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A 54-year-old diabetic man presented with acute respiratory distress, progressive swelling of the chest wall, productive cough and low-grade fever.
Chest radiographs showed increasing subcutaneous emphysema and pneumomediastinum (figure 1). CT scanning revealed a thin-walled cavity in the right lung, communicating with the posterior segmental bronchus of the right upper lobe (figure 2a) with rupture into the chest wall (figure 2b). Bronchoscopy showed white-coloured membranes within the posterior segmental bronchus which were biopsied. Histopathology and fungal culture confirmed it to be invasive mucormycosis (figure 3a, b). Despite antifungal treatment, the patient died.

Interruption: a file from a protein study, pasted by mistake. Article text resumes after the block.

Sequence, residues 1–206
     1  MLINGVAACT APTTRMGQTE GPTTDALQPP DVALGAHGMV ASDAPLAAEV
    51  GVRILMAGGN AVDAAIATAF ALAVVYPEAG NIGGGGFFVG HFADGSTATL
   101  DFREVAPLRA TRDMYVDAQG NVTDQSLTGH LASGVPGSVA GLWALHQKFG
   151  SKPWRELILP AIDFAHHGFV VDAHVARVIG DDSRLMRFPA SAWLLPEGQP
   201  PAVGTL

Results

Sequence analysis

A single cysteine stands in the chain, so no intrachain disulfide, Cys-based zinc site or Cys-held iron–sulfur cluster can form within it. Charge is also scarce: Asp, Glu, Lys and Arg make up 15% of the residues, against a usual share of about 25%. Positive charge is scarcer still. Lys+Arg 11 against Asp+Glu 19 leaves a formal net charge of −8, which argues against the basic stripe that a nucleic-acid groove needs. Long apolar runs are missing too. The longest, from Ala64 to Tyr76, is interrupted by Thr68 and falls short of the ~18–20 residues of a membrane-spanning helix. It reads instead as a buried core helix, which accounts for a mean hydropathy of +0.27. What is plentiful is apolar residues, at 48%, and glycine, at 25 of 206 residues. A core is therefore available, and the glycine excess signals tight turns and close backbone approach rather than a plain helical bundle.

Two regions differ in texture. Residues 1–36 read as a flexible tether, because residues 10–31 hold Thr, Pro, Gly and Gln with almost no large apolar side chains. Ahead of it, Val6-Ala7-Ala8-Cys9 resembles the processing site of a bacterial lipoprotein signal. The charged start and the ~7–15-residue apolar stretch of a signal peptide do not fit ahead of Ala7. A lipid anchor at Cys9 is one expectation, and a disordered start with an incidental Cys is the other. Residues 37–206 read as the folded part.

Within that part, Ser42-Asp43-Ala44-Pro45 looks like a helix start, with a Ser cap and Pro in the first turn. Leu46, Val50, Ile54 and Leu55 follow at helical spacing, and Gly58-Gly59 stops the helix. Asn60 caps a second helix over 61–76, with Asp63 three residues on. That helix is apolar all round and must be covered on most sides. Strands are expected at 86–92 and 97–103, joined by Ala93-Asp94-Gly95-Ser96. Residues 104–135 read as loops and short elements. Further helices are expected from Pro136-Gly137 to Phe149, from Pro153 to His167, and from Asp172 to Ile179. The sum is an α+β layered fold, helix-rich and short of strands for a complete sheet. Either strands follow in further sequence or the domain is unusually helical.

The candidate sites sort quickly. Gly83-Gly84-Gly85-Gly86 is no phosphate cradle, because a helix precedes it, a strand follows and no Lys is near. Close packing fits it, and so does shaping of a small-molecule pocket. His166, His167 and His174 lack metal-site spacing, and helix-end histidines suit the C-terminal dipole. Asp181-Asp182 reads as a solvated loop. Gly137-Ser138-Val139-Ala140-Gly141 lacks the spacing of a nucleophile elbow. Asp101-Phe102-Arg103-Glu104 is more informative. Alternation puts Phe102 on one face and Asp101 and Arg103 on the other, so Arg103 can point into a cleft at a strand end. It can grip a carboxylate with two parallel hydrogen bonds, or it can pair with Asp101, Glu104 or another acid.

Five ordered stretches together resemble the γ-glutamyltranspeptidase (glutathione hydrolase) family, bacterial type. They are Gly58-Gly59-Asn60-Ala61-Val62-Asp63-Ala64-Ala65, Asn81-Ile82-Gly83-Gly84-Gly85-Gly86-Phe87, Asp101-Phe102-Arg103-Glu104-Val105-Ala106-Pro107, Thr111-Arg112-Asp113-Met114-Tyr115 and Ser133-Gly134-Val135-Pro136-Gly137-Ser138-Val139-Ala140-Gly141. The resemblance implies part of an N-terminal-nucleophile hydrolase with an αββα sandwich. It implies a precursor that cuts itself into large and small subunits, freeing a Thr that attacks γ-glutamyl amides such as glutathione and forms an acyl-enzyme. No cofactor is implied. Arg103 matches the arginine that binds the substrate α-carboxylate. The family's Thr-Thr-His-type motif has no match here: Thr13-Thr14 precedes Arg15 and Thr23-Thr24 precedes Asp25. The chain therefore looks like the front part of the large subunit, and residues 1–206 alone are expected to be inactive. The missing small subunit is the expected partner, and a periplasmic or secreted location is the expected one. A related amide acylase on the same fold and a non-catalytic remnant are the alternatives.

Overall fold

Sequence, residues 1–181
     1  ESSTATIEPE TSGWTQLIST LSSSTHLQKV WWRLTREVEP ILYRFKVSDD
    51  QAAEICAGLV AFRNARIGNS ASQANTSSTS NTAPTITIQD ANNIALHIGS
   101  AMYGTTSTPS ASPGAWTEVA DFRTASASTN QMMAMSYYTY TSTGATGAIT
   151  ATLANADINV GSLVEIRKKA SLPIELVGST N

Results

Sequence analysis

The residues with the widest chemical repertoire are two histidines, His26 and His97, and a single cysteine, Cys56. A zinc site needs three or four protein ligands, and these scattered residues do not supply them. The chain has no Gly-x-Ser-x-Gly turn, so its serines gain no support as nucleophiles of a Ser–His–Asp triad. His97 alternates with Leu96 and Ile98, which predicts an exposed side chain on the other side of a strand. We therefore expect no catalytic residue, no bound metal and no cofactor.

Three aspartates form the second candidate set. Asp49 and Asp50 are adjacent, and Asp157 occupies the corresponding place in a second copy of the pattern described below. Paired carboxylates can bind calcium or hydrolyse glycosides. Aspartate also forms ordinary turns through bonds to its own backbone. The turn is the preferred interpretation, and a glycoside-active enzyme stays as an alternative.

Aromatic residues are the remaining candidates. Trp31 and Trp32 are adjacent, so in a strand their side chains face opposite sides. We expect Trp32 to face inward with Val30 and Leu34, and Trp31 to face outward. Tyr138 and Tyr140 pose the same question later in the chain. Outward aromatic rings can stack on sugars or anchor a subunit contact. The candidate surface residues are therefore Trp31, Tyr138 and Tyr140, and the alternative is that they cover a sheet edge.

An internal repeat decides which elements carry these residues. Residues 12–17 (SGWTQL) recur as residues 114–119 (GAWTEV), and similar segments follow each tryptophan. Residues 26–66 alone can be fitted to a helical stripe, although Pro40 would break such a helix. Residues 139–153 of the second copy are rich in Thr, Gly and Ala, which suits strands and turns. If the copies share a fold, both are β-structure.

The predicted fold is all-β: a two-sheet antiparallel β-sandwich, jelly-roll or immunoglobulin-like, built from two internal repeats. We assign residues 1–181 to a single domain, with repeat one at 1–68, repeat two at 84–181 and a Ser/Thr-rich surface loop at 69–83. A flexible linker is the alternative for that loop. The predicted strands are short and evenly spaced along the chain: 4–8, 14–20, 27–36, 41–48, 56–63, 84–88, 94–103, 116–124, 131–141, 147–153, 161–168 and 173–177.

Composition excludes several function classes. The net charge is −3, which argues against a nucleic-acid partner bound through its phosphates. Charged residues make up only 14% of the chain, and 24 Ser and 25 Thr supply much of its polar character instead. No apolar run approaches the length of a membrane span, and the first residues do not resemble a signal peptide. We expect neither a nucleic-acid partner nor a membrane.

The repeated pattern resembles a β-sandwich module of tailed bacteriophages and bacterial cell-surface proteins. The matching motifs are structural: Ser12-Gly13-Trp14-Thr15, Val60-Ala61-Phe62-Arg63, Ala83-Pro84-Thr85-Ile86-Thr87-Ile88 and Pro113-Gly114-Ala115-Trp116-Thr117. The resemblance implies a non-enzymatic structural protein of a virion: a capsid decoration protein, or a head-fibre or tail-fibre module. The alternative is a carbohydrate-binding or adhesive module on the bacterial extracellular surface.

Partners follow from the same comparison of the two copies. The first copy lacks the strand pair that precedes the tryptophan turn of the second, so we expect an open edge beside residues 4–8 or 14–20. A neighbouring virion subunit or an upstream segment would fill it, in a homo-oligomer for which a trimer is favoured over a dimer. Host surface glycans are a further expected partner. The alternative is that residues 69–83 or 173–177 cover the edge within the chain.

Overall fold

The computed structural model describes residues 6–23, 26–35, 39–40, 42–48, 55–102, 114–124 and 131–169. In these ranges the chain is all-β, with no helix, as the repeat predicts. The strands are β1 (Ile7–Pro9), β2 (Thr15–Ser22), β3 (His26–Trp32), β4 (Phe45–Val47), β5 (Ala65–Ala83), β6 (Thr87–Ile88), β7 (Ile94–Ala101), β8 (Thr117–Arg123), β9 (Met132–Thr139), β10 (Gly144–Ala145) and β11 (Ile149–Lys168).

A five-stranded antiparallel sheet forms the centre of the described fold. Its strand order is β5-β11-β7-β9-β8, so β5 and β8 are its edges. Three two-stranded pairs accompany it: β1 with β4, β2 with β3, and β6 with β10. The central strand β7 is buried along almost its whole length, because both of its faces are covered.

Progressive subcutaneous emphysema in pulmonary mucormycosis has not been reported in the literature and should be considered, especially if the patient is diabetic or immunocompromised.1 2 Early diagnosis and treatment will contribute towards a successful outcome.
Patients with diabetes, even if on treatment, are predisposed to mucormycosis irrespective of the presence of ketoacidosis.1
Invasive pulmonary mucormycosis can sometimes present as progressive subcutaneous emphysema of the chest wall.
Competing interests None.
Patient consent Obtained.
Provenance and peer review Not commissioned; externally peer reviewed.
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